Commentary

There Are Two Marylands, and One Refuses to Listen to the Other

On the map, Maryland is not a large state, but economically it’s big enough to encompass a stark contrast between a prosperous midsection and a deeply depressed periphery two hours’ drive to the east or west. One thing we’ve learned in this year’s debate over a statewide $15 minimum wage, now set to become law after the legislature overrode Gov. Larry Hogan’s (R) veto today, is that affluent central Maryland doesn’t want to listen to hard-hit rural Maryland.

According to the federal Bureau of Labor Statistics, average wages in Montgomery County ($1,333 a week), Howard County ($1,220), and Baltimore City ($1,183) are more than twice as high as those in Worcester County on the Eastern Shore ($588 a week). Weekly wages in the three westernmost counties ranged from $641 in Garrett to $736 in Allegany to $776 in Washington, all figures being from the second quarter of 2017.

Affluent sections of Maryland can vote for $15 without much worry that a large share of their job base will disappear. Poor counties can’t.

In the debate over the $15 minimum wage, lawmakers from Montgomery County, Baltimore City and Howard County were nearly unanimously in favor, with most delegates supporting strong versions of the scheme. Meanwhile, most lawmakers from depressed parts of the state were passionately opposed.

Guess who had the numbers to outvote whom?

Both chambers rejected the rural lawmakers’ plea to depart from a uniform $15 in favor of letting the rate vary by county or region within the state. Behind this regional divide is a simple fact: Affluent sections of Maryland can vote for $15 without much worry that a large share of their job base will disappear. Poor counties can’t.

Even if you set aside the greater prevalence of seasonal and part-time work in the outlying parts of the state, a direct job-vs.-job comparison shows why. In Columbia (average salary per PayScale.com: $63,327), jobs that pay less than $15 an hour represent the low end of the employment curve, and many are paying at $12 or $13 already, even for entry-level jobs.

In Cumberland ($39,800), a $15 minimum is likely to upend the economics of hiring for positions such as sales associate ($9.16). In mountain Maryland, even job categories requiring certification in specialized medical skills often pay well below $15. That would include certified nurse assistant and certified pharmacy technician, both around $12.10 in Cumberland. As for hiking restaurant, clinic or carwash prices by a few bucks to make up the difference, that’s something that may run into more customer resistance in Hagerstown (average home value $137,800) than in Hyattsville ($358,500). Especially when the Hagerstown customer can drive 15 minutes north to Pennsylvania, where the minimum wage is $7.25, or south to West Virginia, where it’s $8.75.

Advocates of the $15 law felt that we didn’t need to worry overmuch about the old Economics 101 ideas of supply and demand that teach that less labor will be demanded when a price is made artificially high. They were happy to seize on newer studies purporting to find that the negative employment effects aren’t really all that big or, to hear some tell it, might not exist at all.

But those newer studies are quite selective. To begin with, many were done in localities that (like central Maryland) were already thriving places with high wages before the law changed. Seattle, for example, has wages about 10 percent higher than the Maryland average. And even for these places, the supposedly low-damage scenarios weren’t consistent. A University of Washington study on the city’s phased hike found that Seattle’s increase to $11 per hour in 2015 did no significant harm to jobs or hours. Great news, right? A free lunch! But the next hike to $13 produced job losses and hour cuts so significant that low-skilled workers as a group were estimated to be worse off by an average of $74 per month.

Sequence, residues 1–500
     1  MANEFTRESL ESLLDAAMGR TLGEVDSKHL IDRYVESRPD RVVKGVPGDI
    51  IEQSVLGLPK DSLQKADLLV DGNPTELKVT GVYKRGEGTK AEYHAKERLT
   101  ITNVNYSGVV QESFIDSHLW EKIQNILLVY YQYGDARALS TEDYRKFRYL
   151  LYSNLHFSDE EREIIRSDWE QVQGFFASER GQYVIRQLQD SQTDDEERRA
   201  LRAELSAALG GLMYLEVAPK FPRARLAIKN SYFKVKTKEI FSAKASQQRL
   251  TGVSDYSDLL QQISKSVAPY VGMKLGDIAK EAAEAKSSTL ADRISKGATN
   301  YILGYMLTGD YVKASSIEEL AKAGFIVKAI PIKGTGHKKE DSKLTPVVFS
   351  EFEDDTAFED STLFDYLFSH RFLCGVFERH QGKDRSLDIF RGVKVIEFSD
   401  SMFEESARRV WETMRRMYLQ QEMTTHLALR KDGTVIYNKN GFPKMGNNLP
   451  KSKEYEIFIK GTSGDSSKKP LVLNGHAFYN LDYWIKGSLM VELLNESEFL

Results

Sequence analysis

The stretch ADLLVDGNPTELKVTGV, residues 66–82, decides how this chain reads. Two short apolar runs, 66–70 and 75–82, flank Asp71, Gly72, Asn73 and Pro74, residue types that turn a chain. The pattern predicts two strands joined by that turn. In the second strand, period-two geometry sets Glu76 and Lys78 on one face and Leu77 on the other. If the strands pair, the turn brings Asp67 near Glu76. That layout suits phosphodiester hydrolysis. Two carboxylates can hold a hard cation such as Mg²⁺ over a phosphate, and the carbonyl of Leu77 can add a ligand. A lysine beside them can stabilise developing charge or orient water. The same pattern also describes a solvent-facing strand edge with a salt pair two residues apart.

Many other studies confirm that even when initial job losses are modest, as is often the case, the Economics 101 models weren’t so far off after all. Employers adjust in other ways when they cut hours, trim fringe benefits, shift to experienced hires who don’t need on-the-job training, mechanize, and so forth.

The $15 minimum wage is an arbitrary number that caught on because it’s easy to remember and put on signs. It has nothing to do with productivity, which of course varies greatly between seafood workers in Crisfield, laundry workers in Cecil County and summer camp caretakers in the Catoctins.

If you think there’s a case for setting wages based on need rather than productivity — most economists don’t — there’s still no relationship to any one number. Need varies according to the local cost of living, whether the worker has dependents and, if so, how many, and many other variables. If you’re a single wage-earner trying to keep a family of four going just outside Washington, D.C., $15 doesn’t go far. The calculus for the same job changes if you’re a teenager bringing in a third income while learning the workplace basics, and yet again if you’re a retiree who owns your home free and clear and are supplementing a pension.

Maybe politicians feel it’s their task to balance the good against the bad. But should they have been so quick about doing what’s popular with their local constituents when the worst costs will fall on communities far away?

Walter Olson is a senior fellow at the Cato Institute. Ryan Bourne is the R Evan Scharf chair for the public understanding of economics at the Cato Institute.